Ensco has paid a quarterly dividend of $0.025 per share in the third quarter of 1997, a dividend that was maintained until 2010. Since then, Ensco has increased its quarterly dividend four times, and currently pays $0.75 per share quarterly. During 2013, Ensco doubled its dividend to $3.00 per share annually, which is quite impressive. This also shows the company's commitment to deliver strong returns for its shareholders. At its current share price, Ensco offers a high-dividend yield of 5.7%. This dividend yield is among the highest within its industry, even though it is below some of its peers like Seadrill or Diamond Offshore. Ensco also has a large authorization to repurchase shares, but its focus for 2014 is the completion of its newbuild program and to pay its dividend so share buybacks should remain on hold.
Despite its impressive growth, Ensco's dividend remains relatively safe given that it only represents 46% of 2014 estimated earnings. Based on cash flows, the dividend coverage is not as great. The company is currently investing heavily to expand its fleet which results on low or even negative free cash flow for the next couple of years, but its free cash flow should improve markedly in the medium-term, because its capex is expected to go lower significantly after 2016.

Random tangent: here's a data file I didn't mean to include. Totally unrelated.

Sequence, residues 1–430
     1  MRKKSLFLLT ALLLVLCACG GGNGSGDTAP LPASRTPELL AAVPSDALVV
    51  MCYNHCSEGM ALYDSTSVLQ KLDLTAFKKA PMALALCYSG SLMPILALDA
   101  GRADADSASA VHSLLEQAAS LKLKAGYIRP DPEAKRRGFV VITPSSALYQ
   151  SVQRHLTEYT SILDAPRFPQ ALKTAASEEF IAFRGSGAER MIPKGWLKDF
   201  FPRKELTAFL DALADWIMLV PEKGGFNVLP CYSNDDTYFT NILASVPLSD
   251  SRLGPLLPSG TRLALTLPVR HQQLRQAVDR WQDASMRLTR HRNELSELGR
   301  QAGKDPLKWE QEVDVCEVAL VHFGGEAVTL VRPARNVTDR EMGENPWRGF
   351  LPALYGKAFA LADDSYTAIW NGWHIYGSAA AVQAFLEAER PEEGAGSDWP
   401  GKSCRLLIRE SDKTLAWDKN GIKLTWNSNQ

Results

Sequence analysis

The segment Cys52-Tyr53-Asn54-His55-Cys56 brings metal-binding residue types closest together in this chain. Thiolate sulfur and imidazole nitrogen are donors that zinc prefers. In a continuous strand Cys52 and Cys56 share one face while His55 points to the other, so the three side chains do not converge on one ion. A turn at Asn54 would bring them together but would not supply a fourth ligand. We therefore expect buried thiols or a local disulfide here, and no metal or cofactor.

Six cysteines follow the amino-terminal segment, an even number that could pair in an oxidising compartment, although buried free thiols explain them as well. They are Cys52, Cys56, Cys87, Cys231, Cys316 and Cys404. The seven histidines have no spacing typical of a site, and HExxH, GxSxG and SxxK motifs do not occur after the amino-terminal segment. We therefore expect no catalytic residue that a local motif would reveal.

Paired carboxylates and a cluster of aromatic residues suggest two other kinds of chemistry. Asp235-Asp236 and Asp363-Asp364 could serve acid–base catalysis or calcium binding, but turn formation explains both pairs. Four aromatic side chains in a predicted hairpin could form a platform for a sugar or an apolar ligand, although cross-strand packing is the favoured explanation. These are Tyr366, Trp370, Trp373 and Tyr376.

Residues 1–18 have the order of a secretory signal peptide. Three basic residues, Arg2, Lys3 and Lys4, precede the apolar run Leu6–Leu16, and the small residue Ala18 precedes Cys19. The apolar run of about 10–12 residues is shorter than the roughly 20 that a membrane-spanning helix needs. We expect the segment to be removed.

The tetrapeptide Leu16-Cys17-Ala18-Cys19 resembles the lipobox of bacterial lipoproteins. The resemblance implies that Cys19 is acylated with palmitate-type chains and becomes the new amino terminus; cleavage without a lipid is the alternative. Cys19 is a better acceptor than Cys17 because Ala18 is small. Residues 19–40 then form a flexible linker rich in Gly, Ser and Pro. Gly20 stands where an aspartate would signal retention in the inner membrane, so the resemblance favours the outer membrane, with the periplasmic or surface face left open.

Moreover, Ensco has one of the lowest leverage ratios within the offshore drilling industry, which also supports its dividend. Ensco is trading at slightly higher than 8x its estimated earnings, which is above its long-term average of 7.5x. Thus, the stock appears to be fairly valued, but it is offering a much higher-dividend yield than its historical average, so for income investors, the company presents an attractive investment proposition.
Disclosure: I have no positions in any stocks mentioned, but may initiate a long position in ESV over the next 72 hours. I wrote this article myself, and it expresses my own opinions. I am not receiving compensation for it (other than from Seeking Alpha). I have no business relationship with any company whose stock is mentioned in this article.